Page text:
After ten years, I figured out one reason psychoanalytic sessions are frustrating: the analytical attitude.

A description of the analytic attitude, an attitude the skilled analyst consistently maintains, would contain these words: neutrality, discipline, empathy, authenticity, and fidelity to a system of psychoanalytic thought and practice.Imagine being in a conversation with someone who is always always always neutral and who is disciplined to the degree that you, if you are thoughtful, could predict the response that will be given, except for the times when the expected response isn’t given, and an interpretation that almost makes perfect sense is given to you, but when you begin to finally hear it, you realize that it means you are being called on the carpet so to speak, and that admitting to the truth of the statement will be a blow to your self-esteem.

You may be asking – what about empathy, authenticity and fidelity? I can assure you that they are also present but in non-ordinary ways that unless you are paying close attention, you will miss because of the emotions you are experiencing – more on that below.

The secret sauce of psychoanalysis (don’t tell anyone this) is that the analyst’s response to you will be very different from what you would receive in a normal, ordinary conversation. Often you will find yourself, at the very least, puzzled, and at the most, furious, when you hear what is offered.

Here’s the thing, whether you are confused or outraged, the analyst uses your response as the essential material for their analyses.

Obviously, since I am writing a memoir about my time in analysis, how I’ve changed and grown, there are benefits to be derived from the analytic attitude. I wanted to share what I will be describing in the memoir so you won’t be surprised.

And I wanted to ask you a question. Do you think it would be a good idea if politicians used the analytical attitude?

Thanks for reading and commenting. Scroll down and leave your thoughts.

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6 Responses

  1. Nicky, great teaser for your book! So interesting. I’d love to hear an example of an infuriating, but spot on, response from an analyst to understand this phenomenon better. Makes me even more excited for the book to come out!

    • Diane – I’m excited too! It seems like such a long process. This morning I am waiting for feedback from editor
      on a chapter revision I sent her yesterday. Thanks for checking in and for reading. Hope you are well!

    • Janet – What can I say – you made my day. Almost sounds like a poem but I am deeply touched by
      your words. I went to your website and scrolled through your posts, stopping to read the one
      about your treasure of pens, one a poem about love shown by encouragement to do what you felt
      you couldn’t do, and one the humorous rules for marriage. So now I REALLY appreciate your comment.

      Come back again! I tried to sign up on your website but didn’t recognize any of the choices.
      Is there an option for email?

      Thanks again!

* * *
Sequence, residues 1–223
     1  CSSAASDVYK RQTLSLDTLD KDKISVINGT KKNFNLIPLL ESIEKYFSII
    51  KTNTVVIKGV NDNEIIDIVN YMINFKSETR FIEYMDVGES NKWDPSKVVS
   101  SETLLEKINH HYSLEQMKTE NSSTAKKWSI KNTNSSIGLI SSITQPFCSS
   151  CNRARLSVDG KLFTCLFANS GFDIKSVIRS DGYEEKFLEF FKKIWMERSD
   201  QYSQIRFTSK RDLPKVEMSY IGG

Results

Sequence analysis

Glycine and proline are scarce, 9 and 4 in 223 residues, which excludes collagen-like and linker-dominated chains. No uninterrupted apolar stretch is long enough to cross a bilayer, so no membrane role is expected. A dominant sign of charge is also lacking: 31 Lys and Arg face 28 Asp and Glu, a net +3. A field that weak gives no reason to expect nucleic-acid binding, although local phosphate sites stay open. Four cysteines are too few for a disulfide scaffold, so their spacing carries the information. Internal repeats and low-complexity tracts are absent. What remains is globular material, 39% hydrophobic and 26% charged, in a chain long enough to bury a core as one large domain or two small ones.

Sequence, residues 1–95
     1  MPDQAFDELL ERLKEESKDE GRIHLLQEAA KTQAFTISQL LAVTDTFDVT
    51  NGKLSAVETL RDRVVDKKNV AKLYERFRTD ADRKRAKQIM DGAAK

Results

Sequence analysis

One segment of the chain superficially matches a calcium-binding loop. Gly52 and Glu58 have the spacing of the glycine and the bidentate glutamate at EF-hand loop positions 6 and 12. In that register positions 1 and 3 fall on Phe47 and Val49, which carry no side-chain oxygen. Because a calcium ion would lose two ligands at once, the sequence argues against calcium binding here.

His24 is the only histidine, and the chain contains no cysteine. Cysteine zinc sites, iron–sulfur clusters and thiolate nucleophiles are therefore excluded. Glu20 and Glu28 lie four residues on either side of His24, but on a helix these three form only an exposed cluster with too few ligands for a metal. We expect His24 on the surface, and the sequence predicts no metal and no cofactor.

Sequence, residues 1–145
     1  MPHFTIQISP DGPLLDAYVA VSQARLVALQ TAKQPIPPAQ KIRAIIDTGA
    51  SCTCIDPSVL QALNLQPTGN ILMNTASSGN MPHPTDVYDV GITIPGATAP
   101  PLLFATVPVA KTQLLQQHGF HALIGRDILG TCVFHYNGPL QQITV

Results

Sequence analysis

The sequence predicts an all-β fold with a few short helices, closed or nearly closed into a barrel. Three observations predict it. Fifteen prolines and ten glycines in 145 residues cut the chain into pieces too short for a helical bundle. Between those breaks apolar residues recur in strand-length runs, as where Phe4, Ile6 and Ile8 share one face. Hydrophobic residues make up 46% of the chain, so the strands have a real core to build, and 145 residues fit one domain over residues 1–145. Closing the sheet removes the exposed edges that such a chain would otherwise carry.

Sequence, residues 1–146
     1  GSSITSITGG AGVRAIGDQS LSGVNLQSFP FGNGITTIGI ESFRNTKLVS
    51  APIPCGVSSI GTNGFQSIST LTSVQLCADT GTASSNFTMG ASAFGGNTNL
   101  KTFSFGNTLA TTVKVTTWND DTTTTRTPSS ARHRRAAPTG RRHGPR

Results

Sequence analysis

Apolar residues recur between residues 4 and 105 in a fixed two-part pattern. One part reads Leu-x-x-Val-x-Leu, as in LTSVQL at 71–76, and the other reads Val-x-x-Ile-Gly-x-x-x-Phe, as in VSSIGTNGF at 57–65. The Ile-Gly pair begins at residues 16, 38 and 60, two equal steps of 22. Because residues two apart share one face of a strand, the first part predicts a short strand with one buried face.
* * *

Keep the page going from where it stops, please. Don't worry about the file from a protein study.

2. Have had to ponder your description of the analyst attitude, and wonder what what the same as my therapy experience, and what was different. Thank you for your explanation – it gives me a clearer picture of the Freudian system. I wonder how you feel about the analyst after that long time – respectful? dependent? warm, loving even?
    Or?
    I certainly got the discipline, empathy, authenticity, and fidelity to a system. But definitely not the neutrality. Laura’s psychotherapeutic model was Object Relations. I Googled and got this:
    ‘Object relations is a variation of psychoanalytic theory that diverges from Sigmund Freud’s belief that humans are motivated by sexual and aggressive drives, suggesting instead that humans are primarily motivated by the need for contact with others—the need to form relationships.’
    I wonder whether different systems are more suited to different personality types. It was astonishing for me to be understood, after a life-time pretty well without anyone doing it. She was totally on my side till I learned to do that for myself, so no neutrality. Only at first she was like a blank canvas till I started talking about the effect that was having on me. I drew my way through the whole time. That stage had a little tent with me in it, and her sitting cross-legged outside. Later it was a box, with the lid a little way up showing two scared eyes, later again we were both in the box. And lots more.
    Thank you for the stimulus to revisit what was effectively a re-parenting experience, a filling of the huge gaps of disrupted attachment.

    • Trish – You asked how I felt about the analyst now after many years and offered some guesses – most of which I would
      agree with, especially feeling respectful. The more I studied Freudian psychoanalysis, the more impressed I was with my analyst and
      how she really believed in her method and resisted my efforts to make her my colleague. I feel a fondness for her that is, at times,
      difficult to portray in the memoir.

      I appreciated your definition of object relations and agree that the different theories are suited for us as unique people. The two
      of us are lucky that we found the person who could help us, give us what we had not received in the past.

      I look forward to your comments and so enjoy hearing your thinking. Thanks for reading and commenting.

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